Now, there exists a school of thought which hesitates to talk about higher and lower cultures. We, of course, use the term culture in the German sense, now generally adopted by the English-speaking nations: the intellectual, moral, and artistic status of nations as opposed to their civilization, which includes the civic (political) institutions and the servile arts. Obviously there are domains which do not fit neatly into one category or the other: Sanitation and industry obviously belong to civilization; religion, painting, and poetry to culture; jurisprudence and table manners to both. High levels of culture and civilization are related, but do not operate in synchromesh. Often history shows us great discrepancies between both, among persons as well as entire nations. […]
There exists, however, a curious interconnection between culture and civilization. There can be hostility and conflict between them (as is evident if we put the masses of our big cities under the magnifying glass), but they cannot exist too far apart either. Jointly they form (to use an expression of Arthur Koestler) a “package deal” which precludes the possibility of taking individual items arbitrarily and successfully out of their compounds. The European masters of these old and proud nations (our fourth type of colony) usually tried to provide them with the blessings of Western civilization rather than culture, but soon the desire for cultural assimilation (within arbitrary limits) followed. There is a real inner conflict between the study of mechanical engineering and the natural sciences and Buddhism or Hinduism, whereas in the case of Christianity, such an antithesis does not exist, except, perhaps, in the minds of leftist semi-intellectuals who have never taken the trouble to study systematic theology.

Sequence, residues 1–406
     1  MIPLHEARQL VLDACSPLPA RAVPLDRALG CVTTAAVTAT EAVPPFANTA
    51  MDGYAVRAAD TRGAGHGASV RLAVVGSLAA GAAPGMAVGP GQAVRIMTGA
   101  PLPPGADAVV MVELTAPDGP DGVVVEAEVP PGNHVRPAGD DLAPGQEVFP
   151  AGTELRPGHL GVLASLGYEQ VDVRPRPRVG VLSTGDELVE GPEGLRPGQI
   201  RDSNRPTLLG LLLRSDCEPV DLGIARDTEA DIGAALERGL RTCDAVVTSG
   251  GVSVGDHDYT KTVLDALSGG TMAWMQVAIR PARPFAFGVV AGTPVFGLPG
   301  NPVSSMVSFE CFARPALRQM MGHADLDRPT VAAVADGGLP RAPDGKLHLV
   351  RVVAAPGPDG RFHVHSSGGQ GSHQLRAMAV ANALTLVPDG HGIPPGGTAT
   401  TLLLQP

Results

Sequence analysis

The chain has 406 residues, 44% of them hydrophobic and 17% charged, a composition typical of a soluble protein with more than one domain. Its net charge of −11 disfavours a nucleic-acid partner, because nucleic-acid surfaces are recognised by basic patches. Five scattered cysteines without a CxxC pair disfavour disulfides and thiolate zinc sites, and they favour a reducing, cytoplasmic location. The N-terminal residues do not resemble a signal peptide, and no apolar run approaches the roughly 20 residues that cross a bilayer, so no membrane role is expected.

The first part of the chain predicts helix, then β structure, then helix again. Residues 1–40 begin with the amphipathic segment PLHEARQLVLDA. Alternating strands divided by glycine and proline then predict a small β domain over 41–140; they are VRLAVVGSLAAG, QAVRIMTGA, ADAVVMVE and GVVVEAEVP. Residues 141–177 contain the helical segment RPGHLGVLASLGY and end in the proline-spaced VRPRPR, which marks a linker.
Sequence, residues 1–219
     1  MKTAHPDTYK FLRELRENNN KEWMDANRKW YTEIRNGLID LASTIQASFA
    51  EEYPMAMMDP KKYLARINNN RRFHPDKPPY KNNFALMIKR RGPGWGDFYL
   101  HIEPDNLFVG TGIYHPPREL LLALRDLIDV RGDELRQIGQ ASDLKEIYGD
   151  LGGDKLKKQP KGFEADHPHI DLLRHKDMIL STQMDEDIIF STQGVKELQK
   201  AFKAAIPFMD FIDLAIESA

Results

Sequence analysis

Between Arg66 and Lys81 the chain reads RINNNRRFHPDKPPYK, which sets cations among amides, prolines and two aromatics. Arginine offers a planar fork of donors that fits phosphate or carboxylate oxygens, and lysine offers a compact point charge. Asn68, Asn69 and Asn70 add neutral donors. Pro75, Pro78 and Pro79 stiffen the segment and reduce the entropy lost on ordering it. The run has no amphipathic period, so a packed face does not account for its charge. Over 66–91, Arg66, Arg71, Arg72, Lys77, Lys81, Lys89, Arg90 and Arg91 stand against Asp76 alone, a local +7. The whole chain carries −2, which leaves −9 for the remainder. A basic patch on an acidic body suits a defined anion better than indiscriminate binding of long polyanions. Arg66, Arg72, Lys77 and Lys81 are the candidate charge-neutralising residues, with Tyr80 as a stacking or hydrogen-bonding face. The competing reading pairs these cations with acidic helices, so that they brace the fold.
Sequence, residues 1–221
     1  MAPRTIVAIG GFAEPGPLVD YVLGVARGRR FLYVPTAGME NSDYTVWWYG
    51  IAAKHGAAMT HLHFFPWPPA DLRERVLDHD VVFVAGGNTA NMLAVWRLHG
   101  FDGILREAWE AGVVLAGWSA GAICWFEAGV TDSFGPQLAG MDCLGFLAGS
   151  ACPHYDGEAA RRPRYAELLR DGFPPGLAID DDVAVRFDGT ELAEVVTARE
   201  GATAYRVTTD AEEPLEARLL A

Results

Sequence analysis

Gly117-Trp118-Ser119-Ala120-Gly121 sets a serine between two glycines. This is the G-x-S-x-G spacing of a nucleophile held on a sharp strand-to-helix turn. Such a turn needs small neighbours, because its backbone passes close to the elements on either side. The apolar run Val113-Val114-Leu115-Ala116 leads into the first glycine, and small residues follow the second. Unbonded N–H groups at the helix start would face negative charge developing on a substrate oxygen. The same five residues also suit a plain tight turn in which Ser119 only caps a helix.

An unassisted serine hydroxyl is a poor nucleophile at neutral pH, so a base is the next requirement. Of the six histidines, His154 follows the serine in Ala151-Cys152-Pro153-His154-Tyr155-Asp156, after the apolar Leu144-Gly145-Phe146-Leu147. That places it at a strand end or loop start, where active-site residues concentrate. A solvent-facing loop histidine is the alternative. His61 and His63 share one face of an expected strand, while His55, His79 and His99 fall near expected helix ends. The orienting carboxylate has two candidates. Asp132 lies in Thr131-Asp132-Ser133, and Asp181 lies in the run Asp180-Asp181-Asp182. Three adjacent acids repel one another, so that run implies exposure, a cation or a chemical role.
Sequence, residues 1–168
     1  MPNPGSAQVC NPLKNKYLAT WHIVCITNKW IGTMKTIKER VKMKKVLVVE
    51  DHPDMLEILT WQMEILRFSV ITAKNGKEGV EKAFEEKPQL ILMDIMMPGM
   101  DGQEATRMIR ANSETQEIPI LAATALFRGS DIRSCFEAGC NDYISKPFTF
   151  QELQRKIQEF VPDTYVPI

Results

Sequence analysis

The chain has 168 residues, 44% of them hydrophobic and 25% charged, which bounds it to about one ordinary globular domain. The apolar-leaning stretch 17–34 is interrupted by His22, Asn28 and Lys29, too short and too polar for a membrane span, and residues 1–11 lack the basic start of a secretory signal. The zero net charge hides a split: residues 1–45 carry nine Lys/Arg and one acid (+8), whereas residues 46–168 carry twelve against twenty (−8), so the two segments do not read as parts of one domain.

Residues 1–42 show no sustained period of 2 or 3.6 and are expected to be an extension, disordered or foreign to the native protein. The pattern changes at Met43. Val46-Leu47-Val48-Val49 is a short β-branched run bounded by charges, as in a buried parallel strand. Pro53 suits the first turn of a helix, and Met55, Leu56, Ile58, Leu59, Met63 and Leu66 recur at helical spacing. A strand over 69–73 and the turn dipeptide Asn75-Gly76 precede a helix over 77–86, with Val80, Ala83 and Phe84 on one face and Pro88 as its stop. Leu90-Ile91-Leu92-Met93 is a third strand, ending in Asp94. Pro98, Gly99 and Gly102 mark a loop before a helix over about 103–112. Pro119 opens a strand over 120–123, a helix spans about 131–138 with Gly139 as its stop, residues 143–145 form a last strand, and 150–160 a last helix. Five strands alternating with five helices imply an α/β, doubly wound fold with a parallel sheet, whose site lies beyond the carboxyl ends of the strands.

Erik Kuehnelt-Leddihn, Leftism: From de Sade and Marx to Hitler and Marcuse (1974)